Boston Marathon Bombings – Help Kids Cope

Originally published on Savvy Auntie.

We still do not know who did this or why; we still don’t have all the facts. We will get to the bottom of this. We will find out who did this, and we will find out why they did this. Any responsible individuals, any responsible groups, will feel the full weight of justice.

This statement was given by President Barack Obama shortly after the Boston Marathon bombings on Monday afternoon, which claimed the lives of three victims, including an 8-year-old boy who was waiting for his father to finish the race (HealthDay News), and injured more than 140 others.

Among the injured spectators and runners, some had severed limbs and many others suffered shrapnel wounds, burns, fractures, and damaged eardrums from shockwaves of the two explosions that occurred near the famed race’s finish line. According to the Boston Globeat least 10 of the wounded were children—some as young as 2. Dr. David P. Mooney, director of the trauma program at Boston Children’s Hospital, said in an interview that the most seriously injured children had BBs and nails embedded in their bodies as a result of the blasts.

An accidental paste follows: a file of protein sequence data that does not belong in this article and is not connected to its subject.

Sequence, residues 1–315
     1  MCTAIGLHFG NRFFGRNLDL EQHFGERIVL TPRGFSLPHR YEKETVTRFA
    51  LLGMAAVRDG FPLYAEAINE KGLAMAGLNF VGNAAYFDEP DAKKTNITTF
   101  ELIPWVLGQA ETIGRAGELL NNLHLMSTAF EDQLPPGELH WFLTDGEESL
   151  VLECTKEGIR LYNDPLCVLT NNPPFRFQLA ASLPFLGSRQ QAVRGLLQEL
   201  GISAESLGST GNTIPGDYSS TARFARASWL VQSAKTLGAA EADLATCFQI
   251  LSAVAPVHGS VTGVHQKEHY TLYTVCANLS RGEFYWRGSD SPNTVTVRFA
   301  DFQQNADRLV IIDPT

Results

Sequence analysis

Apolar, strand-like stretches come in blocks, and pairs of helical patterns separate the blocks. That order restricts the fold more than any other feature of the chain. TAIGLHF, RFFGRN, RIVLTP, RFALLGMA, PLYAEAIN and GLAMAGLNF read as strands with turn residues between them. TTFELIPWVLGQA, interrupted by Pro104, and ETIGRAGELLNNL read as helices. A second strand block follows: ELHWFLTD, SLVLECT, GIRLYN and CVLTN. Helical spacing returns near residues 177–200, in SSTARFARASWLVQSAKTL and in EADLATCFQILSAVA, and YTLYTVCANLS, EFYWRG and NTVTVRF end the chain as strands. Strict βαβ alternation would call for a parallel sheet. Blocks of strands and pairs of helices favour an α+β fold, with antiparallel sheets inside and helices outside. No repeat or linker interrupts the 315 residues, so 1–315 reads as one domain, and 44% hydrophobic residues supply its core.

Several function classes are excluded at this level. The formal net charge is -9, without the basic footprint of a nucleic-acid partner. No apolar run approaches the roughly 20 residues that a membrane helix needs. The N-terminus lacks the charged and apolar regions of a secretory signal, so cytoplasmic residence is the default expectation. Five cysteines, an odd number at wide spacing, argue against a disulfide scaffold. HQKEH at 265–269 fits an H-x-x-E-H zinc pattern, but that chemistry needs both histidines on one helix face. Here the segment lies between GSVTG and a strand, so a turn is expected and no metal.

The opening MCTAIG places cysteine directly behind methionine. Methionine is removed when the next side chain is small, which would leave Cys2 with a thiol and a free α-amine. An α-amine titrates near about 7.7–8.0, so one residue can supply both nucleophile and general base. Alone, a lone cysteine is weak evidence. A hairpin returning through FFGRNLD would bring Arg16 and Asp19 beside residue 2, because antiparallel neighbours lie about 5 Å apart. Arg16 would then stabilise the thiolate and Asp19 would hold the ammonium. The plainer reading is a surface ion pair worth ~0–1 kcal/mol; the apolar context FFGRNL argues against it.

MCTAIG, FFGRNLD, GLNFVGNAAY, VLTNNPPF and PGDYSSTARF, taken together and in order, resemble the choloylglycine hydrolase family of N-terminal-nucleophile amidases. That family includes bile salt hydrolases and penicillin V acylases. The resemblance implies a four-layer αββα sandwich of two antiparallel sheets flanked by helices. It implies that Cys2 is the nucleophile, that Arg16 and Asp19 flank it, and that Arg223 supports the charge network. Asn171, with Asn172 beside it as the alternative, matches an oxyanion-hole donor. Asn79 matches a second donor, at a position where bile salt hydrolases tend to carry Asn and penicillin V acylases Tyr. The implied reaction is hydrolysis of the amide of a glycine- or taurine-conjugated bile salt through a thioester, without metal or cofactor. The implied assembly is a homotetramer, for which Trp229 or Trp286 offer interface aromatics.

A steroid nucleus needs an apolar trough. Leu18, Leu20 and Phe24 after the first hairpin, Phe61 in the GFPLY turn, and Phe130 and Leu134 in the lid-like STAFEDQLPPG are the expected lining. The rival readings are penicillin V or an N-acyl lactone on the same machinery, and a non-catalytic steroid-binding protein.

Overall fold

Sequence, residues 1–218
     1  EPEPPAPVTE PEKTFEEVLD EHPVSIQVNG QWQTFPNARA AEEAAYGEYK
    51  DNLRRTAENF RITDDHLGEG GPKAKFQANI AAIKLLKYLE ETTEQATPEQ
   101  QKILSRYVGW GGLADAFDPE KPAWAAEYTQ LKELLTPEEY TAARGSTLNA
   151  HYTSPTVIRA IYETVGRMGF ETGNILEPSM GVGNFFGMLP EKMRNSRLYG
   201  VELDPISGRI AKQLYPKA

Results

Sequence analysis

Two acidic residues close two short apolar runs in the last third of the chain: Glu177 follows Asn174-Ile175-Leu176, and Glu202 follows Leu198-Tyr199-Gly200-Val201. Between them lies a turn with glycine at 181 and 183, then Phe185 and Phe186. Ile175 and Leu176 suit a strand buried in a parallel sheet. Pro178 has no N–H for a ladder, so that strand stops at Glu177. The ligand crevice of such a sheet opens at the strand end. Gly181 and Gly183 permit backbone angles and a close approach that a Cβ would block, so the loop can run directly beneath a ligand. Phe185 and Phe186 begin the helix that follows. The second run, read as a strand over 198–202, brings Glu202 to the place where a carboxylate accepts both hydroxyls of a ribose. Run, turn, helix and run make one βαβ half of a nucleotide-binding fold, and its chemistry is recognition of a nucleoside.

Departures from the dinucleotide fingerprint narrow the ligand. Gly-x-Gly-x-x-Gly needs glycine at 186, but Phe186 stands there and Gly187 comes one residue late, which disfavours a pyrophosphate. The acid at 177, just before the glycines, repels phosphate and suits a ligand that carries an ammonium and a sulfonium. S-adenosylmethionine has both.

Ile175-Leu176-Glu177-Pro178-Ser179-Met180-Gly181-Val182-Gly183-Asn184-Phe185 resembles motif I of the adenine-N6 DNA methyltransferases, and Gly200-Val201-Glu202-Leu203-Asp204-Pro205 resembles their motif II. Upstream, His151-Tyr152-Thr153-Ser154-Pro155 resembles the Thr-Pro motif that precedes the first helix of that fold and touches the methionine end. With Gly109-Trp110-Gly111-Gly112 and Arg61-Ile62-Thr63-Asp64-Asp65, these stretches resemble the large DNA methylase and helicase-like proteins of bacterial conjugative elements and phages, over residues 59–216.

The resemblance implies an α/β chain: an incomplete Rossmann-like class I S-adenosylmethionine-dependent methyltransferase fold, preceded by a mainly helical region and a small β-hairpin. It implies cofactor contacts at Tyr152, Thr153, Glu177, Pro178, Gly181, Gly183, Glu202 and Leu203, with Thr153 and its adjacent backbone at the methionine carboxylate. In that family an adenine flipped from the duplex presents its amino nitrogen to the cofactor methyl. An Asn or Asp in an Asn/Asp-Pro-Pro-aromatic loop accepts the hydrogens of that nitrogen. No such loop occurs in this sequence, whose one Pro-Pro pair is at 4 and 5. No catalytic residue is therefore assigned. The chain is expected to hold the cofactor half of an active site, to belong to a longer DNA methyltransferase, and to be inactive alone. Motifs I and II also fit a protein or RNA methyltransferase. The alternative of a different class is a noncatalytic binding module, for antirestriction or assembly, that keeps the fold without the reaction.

In the aftermath of the bombings, director of child/adolescent psychiatry at North Shore-LIJ Health System in New Hyde Park, NY Dr. Victor Fornari claimed that the psychological impact could be severe: “Families of those impacted, as well as witnesses of the horror, may require support and psychological First Aid.”

Resources for Aunts

Young nieces and nephews may struggle with how to cope or manage their distress over this national tragedy, looking to Auntie for guidance. For information on how to help children cope with traumatic events, we are linking directly to the following resources:

A National Tragedy: Helping Children Cope from the National Association of School Psychologists
Helping your children manage distress in the aftermath of a shooting from the American Psychological Association
CDC: Coping With Stress

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